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Fourth World Eye Blog

Critical Analysis or Counter-Insurgency?

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Attawapiskat Chief Theresa Spence is now in the 21st day of her hunger strike, her demand to meet with Prime Minister Stephen Harper having so far fallen on deaf ears. It now seems that the chances of Spence becoming a martyr for her people (and thus all indigenous people) is looming menacingly on the horizon as news reports tell of her weakening state. In the meantime, other news and blog sites are emerging which are critical of Spence's call to arms for the band council chiefs in Canada. One unnamed author of a blog called "Warrior Publications" seems to see it as a power grab by tribal leaders that disempowers the grassroots nature of #Idle No More movement, and even calls into question the motives of the movements leaders. Another notes the distancing of INM from the actions of tribal leaders, emphasizing instead the grassroots nature of the movement. Such positions minimize the sacrifice Spencer could very realistically make, assuming Harper continues to refuse to meet with her. The unnamed author at Warrior Publications seems to ridicule the power of non-violent protest, and is even critical of Ghandi's use of hunger strike as a political tactic. It's hard not to see this piece as counter-insurgent, dressed up in the language of anarchy disguised as an indigenous perspective. Regardless of it's supposed critical analysis of Spence's call, all it does is send a message of discord aimed at the INM movement. More now than ever Canadian First Nations peoples need solidarity, not division. We do well to remember that it was the agent provocateurs that brought down the social justice movements of groups like the American Indian Movement and Black Panthers.
Posted in Daily

4 Comments

  1. I read the Warrior article and additional Warrior links http://wrongkindofgreen.org/2013/01/01/chief-spence-calls-for-indian-act-chiefs-to-take-control-of-grassroots-movement/ posted at Wrong Kind of Green, and I think Warrior’s perspective and argument is more nuanced than that. What I take from the series of articles by Warrior is that the movement for indigenous liberation in Canada involves disparate players with different agendas and goals. Some want to fully assimilate to colonization, others want to resist and build more authentic and autonomous societies consistent with their indigenous cultures. Given this scenario, it is inevitable that there will be disunity in terms of objectives, strategies and tactics. While Idle No More was conceived and organized by the establishment indigenous leaders dependent on Ottawa for their funding, power and influence, that doesn’t mean they can control how the movement they catalyzed plays out. Calling for the establishment to control the activists was perhaps a poor leadership choice by Chief Spencer, but it is consistent with her role in the colonial indigenous relationship. That’s what band chiefs are there for, to control indigenous peoples on behalf of Ottawa. Whether one advocates for reform or revolution, questioning the effectiveness and motivations of particular tactics isn’t necessarily divisive, but it is necessary if activists are to comprehend what they are doing and what they are up against. Gandhi was not beyond criticism, and neither is Spencer. If indigenous peoples are to liberate themselves from oppression, they must engage in thinking and organizing for themselves, not blindly follow those who have been compromised by the system they seek to change.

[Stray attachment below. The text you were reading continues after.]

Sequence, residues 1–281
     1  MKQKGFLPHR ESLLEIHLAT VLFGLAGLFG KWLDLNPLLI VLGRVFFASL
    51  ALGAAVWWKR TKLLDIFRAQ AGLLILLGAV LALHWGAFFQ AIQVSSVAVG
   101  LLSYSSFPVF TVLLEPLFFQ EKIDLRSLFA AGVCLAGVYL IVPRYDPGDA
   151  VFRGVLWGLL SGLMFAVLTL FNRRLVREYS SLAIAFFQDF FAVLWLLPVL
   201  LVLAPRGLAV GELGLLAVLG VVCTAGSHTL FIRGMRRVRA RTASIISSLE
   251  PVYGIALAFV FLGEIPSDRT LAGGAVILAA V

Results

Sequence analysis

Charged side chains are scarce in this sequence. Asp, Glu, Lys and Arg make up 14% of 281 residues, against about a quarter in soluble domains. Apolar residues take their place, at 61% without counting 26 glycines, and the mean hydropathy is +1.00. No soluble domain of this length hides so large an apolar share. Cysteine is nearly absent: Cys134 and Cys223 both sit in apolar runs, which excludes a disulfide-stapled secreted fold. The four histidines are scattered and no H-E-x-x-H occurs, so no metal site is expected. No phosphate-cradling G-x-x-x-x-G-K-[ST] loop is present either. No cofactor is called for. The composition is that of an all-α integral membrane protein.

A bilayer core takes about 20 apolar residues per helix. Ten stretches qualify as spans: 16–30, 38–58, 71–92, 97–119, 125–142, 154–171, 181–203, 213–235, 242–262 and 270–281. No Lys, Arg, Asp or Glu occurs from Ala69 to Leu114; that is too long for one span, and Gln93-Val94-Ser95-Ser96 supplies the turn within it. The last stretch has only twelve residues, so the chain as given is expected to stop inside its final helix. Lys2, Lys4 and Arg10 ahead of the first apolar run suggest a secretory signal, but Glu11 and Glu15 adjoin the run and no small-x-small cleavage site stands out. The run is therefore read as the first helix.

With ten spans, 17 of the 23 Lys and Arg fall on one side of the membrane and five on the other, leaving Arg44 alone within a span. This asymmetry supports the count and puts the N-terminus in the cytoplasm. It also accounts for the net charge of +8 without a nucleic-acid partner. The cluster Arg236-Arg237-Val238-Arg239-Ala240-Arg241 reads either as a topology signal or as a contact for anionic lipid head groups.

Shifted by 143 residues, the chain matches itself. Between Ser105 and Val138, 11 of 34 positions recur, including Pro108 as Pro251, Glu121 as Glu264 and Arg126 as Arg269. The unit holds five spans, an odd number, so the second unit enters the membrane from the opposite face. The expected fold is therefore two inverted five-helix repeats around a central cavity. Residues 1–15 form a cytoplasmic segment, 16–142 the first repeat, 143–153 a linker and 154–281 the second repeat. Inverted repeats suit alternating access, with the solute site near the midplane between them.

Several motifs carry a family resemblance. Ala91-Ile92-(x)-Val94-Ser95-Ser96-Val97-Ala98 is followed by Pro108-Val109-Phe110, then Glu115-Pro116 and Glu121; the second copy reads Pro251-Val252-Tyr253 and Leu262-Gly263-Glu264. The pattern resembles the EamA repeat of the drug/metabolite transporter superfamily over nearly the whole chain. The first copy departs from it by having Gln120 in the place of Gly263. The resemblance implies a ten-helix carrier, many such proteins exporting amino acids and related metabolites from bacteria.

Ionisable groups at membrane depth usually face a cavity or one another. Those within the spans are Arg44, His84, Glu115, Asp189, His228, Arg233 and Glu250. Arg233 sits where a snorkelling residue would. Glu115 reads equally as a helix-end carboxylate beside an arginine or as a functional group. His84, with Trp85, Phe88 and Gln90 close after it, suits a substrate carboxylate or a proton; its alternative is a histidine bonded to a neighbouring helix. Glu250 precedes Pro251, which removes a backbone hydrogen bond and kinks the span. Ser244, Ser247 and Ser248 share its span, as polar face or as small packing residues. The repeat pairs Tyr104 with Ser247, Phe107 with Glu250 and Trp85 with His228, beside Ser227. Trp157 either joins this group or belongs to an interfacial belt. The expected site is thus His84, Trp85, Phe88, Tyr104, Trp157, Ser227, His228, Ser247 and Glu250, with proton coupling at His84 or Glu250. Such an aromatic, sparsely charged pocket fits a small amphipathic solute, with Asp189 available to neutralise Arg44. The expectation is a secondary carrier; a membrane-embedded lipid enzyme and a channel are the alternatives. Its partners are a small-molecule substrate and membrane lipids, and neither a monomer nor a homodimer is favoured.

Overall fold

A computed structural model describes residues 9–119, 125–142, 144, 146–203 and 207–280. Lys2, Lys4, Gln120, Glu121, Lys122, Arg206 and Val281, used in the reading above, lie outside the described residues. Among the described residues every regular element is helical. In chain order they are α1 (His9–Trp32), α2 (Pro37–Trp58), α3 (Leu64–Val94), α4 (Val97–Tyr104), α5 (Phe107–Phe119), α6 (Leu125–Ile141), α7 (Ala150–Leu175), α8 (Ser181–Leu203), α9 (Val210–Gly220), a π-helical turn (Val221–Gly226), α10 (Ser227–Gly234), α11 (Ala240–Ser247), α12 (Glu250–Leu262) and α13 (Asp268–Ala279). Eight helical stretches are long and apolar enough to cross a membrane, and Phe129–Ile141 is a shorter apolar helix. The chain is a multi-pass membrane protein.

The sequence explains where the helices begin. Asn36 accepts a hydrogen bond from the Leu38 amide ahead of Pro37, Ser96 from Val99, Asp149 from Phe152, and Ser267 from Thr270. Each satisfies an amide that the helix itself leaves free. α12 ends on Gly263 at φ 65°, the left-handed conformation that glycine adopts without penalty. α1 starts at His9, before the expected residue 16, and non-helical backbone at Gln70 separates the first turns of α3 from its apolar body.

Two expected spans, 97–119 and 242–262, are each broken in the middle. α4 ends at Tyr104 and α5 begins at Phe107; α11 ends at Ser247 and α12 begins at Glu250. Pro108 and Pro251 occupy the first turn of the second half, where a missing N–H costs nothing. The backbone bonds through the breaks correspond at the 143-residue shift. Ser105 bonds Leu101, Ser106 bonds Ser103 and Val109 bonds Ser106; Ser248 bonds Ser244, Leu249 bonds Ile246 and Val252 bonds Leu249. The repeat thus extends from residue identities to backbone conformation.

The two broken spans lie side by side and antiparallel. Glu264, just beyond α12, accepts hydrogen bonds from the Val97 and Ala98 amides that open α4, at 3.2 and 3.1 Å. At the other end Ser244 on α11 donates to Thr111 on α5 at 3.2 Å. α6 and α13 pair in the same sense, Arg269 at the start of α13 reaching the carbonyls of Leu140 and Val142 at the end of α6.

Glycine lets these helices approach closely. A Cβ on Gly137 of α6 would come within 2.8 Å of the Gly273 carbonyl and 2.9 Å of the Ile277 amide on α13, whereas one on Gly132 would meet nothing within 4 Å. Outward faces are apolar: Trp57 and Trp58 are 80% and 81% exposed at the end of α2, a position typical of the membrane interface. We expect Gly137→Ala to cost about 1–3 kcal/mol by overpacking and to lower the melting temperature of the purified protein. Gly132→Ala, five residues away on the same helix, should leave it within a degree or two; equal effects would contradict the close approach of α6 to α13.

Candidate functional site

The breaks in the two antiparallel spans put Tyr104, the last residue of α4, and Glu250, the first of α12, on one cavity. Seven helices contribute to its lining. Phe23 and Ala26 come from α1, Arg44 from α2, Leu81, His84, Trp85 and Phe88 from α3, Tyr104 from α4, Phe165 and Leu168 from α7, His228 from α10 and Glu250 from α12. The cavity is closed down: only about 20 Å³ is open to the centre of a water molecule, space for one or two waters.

2. Reading the articles on Idle No More at Intercontinental Cry magazine, I think the division between indigenous peoples in Canada is more analogous to the division between Blacks during the Civil Rights Movement between establishment Black leaders in organizations like Southern Christian Leadership Conference and the grassroots organizers in the Student Non-violent Coordinating Committee. SCLC tried to control SNCC, but because they weren’t on the payroll in offices in Atlanta, but rather on the ground in the Mississippi delta risking their lives, SNCC activists did what needed to be done, not what they could get funded. As for 1960s agent provocateurs, they were on the FBI payroll, and paid to discredit activists as well as spy on establishment leaders. One wants to be very careful about suggesting anyone critical of establishment leaders is an agent provocateur. While in some cases that might be true, in most cases it is not.

  3. Point taken and I agree on some levels. However, despite its complexity the piece seemed cold-hearted and in very bad taste given the timing of it and the severity of Spence’s situation. Ultimately, she is putting her life on the line for her people, not the colonial power structure of Canada.

  4. Again, using the Civil Rights Movement analogy, James Forman of SNCC, who wrote an excellent book http://www.washington.edu/uwpress/search/books/FORMAK.html about the experience, was leery of Martin Luther King’s messiah complex and its potentially disempowering influence on grassroots activists in the delta, who were finding their voice and power of community for the first time in generations. King’s oratory played an important role, as did Forman’s organizing and the research of Jack Minnis. Even Rosa Parks had her differences with King and SCLC, who were very controlling and gender discriminatory. SCLC was reformist, and SNCC was revolutionary, and in the end that difference is partly why Blacks as a whole have since then gone backward and not forward in US society.

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